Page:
Operator

The next question comes from the line of Gautam Khanna from Cowen and Company.

Gautam Khanna - Cowen and Company, LLC, Research Division

Just 2 quick follow-ups. Can you remind us what product forms you'll be making at Athens besides forged, billet and bar?

David L. Strobel

This is Dave. The product coming out of Athens will be in the neighborhood of 4 to 18 inches, but that will also feed our rolling mills and for bar and wire products as well.

Gautam Khanna - Cowen and Company, LLC, Research Division

Okay. And who do you perceive to be the direct competitors to that product portfolio at Athens?

William A. Wulfsohn

Well, it depends upon which particular market that you are referencing coming out of that. For example, I think we know who are the primary -- our competitors in the aerospace markets. As you get into energy, there are a couple of other names that enter into the list. And certainly, as you go into transportation and other areas, you continue to expand the list. So we believe that we'll have unique capabilities, unique capacity, unique cost structure and also unique lead time capabilities that we think will allow us to excel in all those markets. But the primary market, not surprisingly, is aerospace and energy, and of course, you know the players there.

Gautam Khanna - Cowen and Company, LLC, Research Division

Yes, okay. And lastly, if you could just talk about -- in the titanium fastener wire and the nickel fastener wire markets, have you seen any disparities between kind of the relative growth rates or levels of demand?

William A. Wulfsohn

I think you may answer -- or we might make it 2 answers, one from Andy and one from Gary. Why don't we start with Gary.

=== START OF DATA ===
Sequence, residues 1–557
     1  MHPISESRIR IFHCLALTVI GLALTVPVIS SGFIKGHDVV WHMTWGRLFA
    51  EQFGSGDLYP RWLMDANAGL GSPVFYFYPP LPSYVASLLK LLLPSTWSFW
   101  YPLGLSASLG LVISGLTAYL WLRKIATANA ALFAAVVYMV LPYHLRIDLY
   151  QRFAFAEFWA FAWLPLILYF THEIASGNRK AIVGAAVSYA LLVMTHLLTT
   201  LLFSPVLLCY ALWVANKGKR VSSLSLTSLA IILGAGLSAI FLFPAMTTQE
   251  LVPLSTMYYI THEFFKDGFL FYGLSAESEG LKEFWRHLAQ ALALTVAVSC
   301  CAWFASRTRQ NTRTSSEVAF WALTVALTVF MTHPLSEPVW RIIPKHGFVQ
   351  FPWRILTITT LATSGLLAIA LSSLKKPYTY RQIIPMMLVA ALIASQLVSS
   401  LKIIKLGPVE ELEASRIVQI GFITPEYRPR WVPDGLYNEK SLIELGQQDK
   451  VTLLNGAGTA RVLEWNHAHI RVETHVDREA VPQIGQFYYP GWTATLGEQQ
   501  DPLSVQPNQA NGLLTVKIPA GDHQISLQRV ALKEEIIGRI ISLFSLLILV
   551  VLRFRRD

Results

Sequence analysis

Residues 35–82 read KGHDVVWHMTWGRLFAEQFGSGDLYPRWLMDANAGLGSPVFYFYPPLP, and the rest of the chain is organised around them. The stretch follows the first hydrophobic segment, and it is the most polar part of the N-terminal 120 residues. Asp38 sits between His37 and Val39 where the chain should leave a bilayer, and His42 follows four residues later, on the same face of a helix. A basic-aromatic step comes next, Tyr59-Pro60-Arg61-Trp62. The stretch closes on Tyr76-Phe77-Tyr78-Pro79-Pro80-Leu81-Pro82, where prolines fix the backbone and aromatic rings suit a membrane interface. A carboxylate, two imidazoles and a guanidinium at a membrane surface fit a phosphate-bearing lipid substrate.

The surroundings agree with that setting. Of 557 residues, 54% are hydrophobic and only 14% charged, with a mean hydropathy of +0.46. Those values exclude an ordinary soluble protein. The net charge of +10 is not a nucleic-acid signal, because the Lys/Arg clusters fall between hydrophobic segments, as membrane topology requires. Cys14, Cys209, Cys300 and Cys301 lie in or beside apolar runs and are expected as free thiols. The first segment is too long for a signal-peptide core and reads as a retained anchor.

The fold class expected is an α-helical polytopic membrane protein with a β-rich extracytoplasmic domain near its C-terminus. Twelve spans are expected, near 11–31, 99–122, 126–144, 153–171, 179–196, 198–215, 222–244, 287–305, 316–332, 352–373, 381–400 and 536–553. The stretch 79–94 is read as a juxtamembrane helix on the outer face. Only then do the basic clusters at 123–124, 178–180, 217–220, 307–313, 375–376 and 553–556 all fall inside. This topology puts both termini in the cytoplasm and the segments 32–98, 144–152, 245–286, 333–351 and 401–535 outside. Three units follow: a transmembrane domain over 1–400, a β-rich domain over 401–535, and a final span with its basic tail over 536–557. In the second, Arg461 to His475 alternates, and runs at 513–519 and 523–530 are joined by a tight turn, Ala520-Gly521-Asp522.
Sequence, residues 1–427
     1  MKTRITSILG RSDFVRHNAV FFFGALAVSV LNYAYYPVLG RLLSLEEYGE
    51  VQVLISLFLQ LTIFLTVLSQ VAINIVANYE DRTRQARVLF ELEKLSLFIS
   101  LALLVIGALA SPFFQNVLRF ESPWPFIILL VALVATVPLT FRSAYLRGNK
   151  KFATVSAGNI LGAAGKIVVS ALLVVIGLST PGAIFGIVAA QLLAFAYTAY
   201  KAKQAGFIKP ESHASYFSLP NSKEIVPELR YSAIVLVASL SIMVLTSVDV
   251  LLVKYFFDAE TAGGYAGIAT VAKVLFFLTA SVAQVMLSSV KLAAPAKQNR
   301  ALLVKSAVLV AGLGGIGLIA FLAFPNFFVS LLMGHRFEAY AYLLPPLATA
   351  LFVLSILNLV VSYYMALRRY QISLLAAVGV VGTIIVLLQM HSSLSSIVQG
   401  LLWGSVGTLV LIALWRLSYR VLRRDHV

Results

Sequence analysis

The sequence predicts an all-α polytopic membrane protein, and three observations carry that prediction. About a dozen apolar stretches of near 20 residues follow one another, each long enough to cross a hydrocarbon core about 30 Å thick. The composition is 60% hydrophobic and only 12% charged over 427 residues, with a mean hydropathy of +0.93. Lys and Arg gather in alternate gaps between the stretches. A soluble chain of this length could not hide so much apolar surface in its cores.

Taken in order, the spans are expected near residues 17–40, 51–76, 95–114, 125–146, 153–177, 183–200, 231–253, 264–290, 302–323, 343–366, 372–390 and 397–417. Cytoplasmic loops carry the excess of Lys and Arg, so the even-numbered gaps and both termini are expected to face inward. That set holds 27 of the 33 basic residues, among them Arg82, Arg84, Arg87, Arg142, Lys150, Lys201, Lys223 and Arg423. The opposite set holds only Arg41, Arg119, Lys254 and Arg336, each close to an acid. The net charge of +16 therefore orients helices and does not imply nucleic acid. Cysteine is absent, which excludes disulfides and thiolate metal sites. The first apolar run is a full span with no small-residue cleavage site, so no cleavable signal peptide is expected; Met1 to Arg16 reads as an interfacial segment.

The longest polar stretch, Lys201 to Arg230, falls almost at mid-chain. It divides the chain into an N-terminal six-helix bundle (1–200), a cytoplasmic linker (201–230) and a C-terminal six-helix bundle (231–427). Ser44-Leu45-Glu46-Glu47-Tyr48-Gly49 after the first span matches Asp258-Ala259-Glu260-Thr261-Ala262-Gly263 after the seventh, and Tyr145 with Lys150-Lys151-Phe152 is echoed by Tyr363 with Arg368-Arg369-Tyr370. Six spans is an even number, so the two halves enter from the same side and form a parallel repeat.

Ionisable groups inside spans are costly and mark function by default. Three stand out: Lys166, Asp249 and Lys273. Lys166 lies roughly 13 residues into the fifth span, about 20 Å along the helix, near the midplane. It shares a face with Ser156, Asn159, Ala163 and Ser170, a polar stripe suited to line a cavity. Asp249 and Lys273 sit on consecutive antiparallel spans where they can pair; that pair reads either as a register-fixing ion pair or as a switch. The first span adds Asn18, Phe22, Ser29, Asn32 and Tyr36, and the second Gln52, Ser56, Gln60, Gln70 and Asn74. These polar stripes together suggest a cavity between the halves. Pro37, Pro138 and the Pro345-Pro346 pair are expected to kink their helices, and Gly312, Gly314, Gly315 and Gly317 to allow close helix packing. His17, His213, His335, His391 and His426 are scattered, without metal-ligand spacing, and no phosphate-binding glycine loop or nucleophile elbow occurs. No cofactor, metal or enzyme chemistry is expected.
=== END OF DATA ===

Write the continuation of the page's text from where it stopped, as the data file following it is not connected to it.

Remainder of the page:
Gary E. Heasley

This is Gary. It's difficult to tie the number of aircraft builds directly into an expectation for demand in titanium fasteners. But what we've seen is steady demand. It's been as expected, and we think that it's going to continue to grow, as we've been saying. So I'm not sure that answers exactly what you're asking. But, Andy?

Andrew T. Ziolkowski

And, Gautam, on the nickel side, I would say there's definitely a lag between the announced build schedules and the rates at which we're seeing from the fastener OEMs at this point.

Gautam Khanna - Cowen and Company, LLC, Research Division

And is that broad-based or specific to any one major OEM?

Andrew T. Ziolkowski

It's broad-based.

Gautam Khanna - Cowen and Company, LLC, Research Division

I said 2 questions have asked 4 now. But...

William A. Wulfsohn

It's okay. It's okay.

Gautam Khanna - Cowen and Company, LLC, Research Division

Sorry about that. Well, just to clarify, I think, in response to my question and then a follow-up from someone else. The -- in year 1, you expect to have how much product going out the door at Athens? Was it 8,000 tons? Is that -- did I hear that correctly, or was that in answer to a different question?

William A. Wulfsohn

Yes. And again, thank you for asking. It's important. We throw out a lot of numbers, and we want to be clear. The 8,000 tons would be the level of production we are targeting out of Athens, and that includes a mix of new product sales or new customers, increased demand, along with some of the in-sourcing activity. And by the way, some of that in-sourcing activity will also benefit Latrobe and the Reading facility as well, so adding to the overall system. In the first year, we're going to be going through a fair number of approvals and certifications. But we're looking, and we haven't made any specific projections. I can tell you that from an internal standpoint, we have a laser focus on making sure that the facility is accretive at a very early stage. And I would only like to point out then, if you exclude the onetime expenses, which we'll call out and, at least, you'll be aware of, like I said, right now, the overhead associated with that facility, you see in our quarter 1 numbers, it's in our quarter 2 numbers and 3 numbers and 4. So any commercial volume that we bring into the system should help to improve our profitability, as well as our profits.

Operator

That concludes your question-and-answer session today. Now let me turn the call over to Mr. Mike Hajost for closing remarks. Please go ahead, sir.

Michael A. Hajost

Thank you again for participating on today's call. We look forward to speaking with you again next quarter. Thank you and goodbye.

Operator

Thank you. That concludes your presentation. You may now disconnect. Have a good day.